When I first learned about the so-called Oregon Marijuana Education Tour, it sounded like what I now know it really is: a thinly-disguised political campaign against Measure 91 -- which will legalize recreational marijuana in this state if voters approve the citizen initiative in November.
Today Oregon Represenative Earl Blumenauer called for a federal investigation "to determine if federal taxpayer dollars are being used illegally to influence a statewide election." His letter to federal authorities is here. Links to backup documents are here.
This is a big deal.
Portland's Russ Belville, a.k.a. Radical Russ, has done some great reporting on this. Check out his post, "Oregon officials may be covering their tracks on illegal electioneering."
Belville quotes emails that show both state and federal mental health/addiction officials agree with Blumenauer that the Oregon Marijuana Education Tour is political, not educational, so no public funds can be used to plan or promote these events.
One of which was scheduled for October 2 at the Keizer Civic Center. (Based on what Janet Carlson says below, the date may have shifted to October 1.) Keizer, for those not in the know, is just north of Salem, Oregon's capital.
Yesterday I was curious about whether the Keizer portion of the Oregon Marijuana Education Tour, which features Kevin Sabet, an out-of-state crusader against marijuana legalization, was still happening. I phoned LIsa Miller, who was one of the two contact people listed on the Tour flyer.
Miller was very pleasant. She was quick to tell me she has nothing to do with planning for the event. This job, she said, has been taken on by Marion County Commissioner Janet Carlson. Miller works in the County Health Department.
Even more curious now about whether public dollars were being used for a political anti-Measure 91 event, I phoned Carlson, leaving a message on her voice mail. This morning I decided to email Carlson my basic questions, since deck staining was on my agenda for the day, and it's difficult to interrupt that process for a phone call once I started.
Commissioner Carlson promptly responded. Kudos to her for that. Below is her email message. My questions are in bold. Carlson's responses are in regular type. My comments to her responses are shown [in bracketed italics.]
There is no question among members of the public health community that these events are clearly designed to influence the election. In an email obtained by 420RADIO listener Jennifer Alexander, Karen Wheeler, the administrator of the Addictions and Mental Health Division of the Oregon Health Authority writes:We have determined the multi-city educational tour that has been planned falls inside the lines of political activity given the featured speaker and the timing of the events right before the election.Alexander responded by asking Wheeler for more detail as to whom “we” refers to, and in response, Wheeler makes it clear that federal agencies consider the Summit and Tour as political, not “educational” events:To answer your question, “we” means AMH leadership which includes me and Pam Martin, the Director.Pam and I were called by a Congressman’s office yesterday as well to make sure no federal funds were being used to support these events in any way.Prior to that call, last week I was contacted by the Substance Abuse and Mental Health Services Administration (SAMHSA) and asked for written confirmation that no SAPT block grant or SPF grant funds were being used for political or lobbying purposes in light of the events.So the federal government officials who administer funds that come to us have made this pretty clear to us I believe.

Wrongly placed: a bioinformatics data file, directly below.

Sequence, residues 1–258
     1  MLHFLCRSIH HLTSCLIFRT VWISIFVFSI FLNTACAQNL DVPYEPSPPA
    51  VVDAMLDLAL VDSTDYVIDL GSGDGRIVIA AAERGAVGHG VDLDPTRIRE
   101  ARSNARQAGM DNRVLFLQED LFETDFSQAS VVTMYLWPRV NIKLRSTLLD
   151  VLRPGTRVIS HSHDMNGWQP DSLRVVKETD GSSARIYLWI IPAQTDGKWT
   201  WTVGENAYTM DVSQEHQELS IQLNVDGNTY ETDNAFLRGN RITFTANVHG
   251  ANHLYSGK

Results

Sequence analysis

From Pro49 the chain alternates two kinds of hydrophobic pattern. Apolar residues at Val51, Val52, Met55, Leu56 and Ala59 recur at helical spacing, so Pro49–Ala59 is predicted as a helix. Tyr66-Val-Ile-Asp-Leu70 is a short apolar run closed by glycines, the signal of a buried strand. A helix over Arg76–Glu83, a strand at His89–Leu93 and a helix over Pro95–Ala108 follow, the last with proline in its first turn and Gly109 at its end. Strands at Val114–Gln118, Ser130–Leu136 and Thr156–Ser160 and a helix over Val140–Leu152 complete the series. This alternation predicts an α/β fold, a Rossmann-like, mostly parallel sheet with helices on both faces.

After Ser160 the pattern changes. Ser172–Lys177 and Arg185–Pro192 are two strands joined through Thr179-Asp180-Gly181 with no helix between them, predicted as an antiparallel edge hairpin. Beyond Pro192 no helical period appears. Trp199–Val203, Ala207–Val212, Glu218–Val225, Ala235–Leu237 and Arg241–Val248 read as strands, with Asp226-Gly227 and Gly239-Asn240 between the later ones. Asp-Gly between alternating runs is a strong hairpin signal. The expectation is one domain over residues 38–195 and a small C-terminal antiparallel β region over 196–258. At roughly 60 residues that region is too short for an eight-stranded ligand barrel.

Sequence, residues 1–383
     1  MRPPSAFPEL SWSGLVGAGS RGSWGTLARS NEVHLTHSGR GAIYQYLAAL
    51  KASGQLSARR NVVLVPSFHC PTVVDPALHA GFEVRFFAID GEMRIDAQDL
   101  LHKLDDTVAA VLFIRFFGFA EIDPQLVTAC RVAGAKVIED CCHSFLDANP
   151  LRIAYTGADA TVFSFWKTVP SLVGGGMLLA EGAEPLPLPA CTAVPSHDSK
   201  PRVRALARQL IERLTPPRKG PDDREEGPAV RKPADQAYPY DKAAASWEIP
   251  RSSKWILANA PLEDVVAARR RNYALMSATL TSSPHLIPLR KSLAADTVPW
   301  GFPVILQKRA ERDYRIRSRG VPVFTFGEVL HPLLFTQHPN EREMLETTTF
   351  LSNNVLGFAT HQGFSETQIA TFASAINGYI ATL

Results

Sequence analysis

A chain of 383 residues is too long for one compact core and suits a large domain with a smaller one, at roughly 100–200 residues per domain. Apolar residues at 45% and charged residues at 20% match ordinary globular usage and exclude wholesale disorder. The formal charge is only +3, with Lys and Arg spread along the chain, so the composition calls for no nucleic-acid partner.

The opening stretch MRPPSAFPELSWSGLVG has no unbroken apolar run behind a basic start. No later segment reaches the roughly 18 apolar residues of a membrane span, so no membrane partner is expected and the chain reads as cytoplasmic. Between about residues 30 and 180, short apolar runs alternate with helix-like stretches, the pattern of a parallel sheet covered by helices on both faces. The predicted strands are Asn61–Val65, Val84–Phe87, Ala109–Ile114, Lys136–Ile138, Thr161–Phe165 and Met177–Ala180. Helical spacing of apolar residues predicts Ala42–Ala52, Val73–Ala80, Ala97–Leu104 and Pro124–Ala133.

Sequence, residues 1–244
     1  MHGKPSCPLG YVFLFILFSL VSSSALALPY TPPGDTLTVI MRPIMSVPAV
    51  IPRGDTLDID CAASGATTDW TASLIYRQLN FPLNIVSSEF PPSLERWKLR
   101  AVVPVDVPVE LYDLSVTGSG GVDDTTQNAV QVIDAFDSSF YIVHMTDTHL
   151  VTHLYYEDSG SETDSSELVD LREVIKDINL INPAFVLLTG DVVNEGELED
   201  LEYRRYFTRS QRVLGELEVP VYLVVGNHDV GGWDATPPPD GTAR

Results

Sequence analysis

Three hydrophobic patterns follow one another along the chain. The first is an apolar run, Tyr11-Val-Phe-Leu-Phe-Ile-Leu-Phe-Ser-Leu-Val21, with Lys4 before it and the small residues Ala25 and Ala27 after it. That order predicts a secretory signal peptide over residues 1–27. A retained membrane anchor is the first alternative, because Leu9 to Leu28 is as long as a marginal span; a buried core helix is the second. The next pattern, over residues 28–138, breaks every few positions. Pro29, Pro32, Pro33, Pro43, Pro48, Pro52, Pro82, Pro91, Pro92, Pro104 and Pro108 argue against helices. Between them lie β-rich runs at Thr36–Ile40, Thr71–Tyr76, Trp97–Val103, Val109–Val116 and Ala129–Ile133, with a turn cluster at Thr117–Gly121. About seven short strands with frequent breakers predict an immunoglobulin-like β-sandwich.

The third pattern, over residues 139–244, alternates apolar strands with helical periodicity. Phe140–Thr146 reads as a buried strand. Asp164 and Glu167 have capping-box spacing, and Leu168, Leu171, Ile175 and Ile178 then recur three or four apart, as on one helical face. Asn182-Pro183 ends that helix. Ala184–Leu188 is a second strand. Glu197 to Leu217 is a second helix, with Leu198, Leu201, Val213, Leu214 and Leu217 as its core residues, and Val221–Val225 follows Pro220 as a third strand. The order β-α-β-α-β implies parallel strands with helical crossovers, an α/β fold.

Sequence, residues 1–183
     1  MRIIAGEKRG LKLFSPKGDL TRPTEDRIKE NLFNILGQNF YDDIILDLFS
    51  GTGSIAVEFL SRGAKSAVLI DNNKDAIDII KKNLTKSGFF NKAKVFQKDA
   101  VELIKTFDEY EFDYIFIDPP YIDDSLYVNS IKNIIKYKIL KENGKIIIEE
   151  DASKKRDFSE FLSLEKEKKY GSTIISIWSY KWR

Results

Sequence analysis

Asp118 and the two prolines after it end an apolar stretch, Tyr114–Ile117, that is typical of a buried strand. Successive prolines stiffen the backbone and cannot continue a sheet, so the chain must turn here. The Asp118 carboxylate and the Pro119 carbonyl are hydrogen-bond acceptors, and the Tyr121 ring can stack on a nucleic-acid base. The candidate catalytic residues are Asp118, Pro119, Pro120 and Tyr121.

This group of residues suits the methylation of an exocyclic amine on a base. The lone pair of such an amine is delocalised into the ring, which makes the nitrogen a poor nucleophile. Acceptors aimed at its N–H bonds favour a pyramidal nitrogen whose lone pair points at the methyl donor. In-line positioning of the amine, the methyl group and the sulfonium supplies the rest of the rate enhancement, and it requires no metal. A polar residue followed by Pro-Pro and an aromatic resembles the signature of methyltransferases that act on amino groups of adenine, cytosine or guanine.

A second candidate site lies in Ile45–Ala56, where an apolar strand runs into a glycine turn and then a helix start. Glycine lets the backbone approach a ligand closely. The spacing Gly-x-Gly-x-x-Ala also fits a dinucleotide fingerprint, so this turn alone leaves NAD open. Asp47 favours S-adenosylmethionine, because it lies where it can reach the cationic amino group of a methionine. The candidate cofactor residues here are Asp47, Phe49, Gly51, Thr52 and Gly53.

Proving how political Sabet's "education tour" is, he came to Oregon in January to present his anti-marijuana legalization rant at an Oregon legislature committee hearing. Seth Crawford, a sociologist at Oregon State University, debunked his testimony in "Dr. Sabet goes to Salem."
Kevin Sabet appeared at 2pm today before the House/Senate joint judiciary committee to present his anti-marijuana legalization argument (his trip and presentation were paid for by the Oregon Narcotics Enforcement Association–highly ironic considering his persistent railing against the “big marijuana lobby”). I tried to talk to him after the presentation, but he essentially flipped me the bird and ran out of the capital. Very professional. During this presentation, he claimed (among other things) that:
(1) adolescent marijuana use rates have increased in states where medical marijuana is legal (he used data from a single state–Colorado–to support this claim),
(2) marijuana use rates will increase in states that legalize adult recreational use of the drug
(3) 1 in 6 adolescents who try marijuana will become addicted
(4) marijuana use is associated with declines in IQ
All of the above points are demonstrably invalid; furthermore, they are the result of an incredibly narrow and pernicious reading of the collected scientific evidence. My claim—that Dr. Sabet is willfully misleading his audiences while presenting these claims across the nation—is not new or novel, but my presentation of evidence demonstrating his inaccuracies is. [emphasis added]